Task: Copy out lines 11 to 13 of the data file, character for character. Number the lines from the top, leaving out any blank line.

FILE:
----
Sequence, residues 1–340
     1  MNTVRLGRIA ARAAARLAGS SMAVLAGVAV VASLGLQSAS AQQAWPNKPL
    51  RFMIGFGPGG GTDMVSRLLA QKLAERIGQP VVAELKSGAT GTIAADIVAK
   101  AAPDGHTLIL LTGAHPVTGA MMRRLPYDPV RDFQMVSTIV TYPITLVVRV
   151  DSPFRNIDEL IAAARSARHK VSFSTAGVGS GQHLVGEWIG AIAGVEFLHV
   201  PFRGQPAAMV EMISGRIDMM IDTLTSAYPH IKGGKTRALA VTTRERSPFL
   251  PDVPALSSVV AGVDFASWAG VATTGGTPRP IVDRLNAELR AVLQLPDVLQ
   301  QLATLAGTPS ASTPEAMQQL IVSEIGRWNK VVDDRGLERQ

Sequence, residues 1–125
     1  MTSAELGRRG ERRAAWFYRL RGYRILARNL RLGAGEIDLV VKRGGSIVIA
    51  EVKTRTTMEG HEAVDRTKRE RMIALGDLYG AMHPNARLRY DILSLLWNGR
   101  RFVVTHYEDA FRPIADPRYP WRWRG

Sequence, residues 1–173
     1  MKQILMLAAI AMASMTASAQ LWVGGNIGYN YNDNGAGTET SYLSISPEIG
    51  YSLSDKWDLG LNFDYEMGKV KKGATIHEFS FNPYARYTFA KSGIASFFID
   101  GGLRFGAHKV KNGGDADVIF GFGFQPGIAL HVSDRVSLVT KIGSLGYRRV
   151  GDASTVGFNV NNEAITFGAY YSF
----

    51  EVKTRTTMEG HEAVDRTKRE RMIALGDLYG AMHPNARLRY DILSLLWNGR
   101  RFVVTHYEDA FRPIADPRYP WRWRG

Sequence, residues 1–173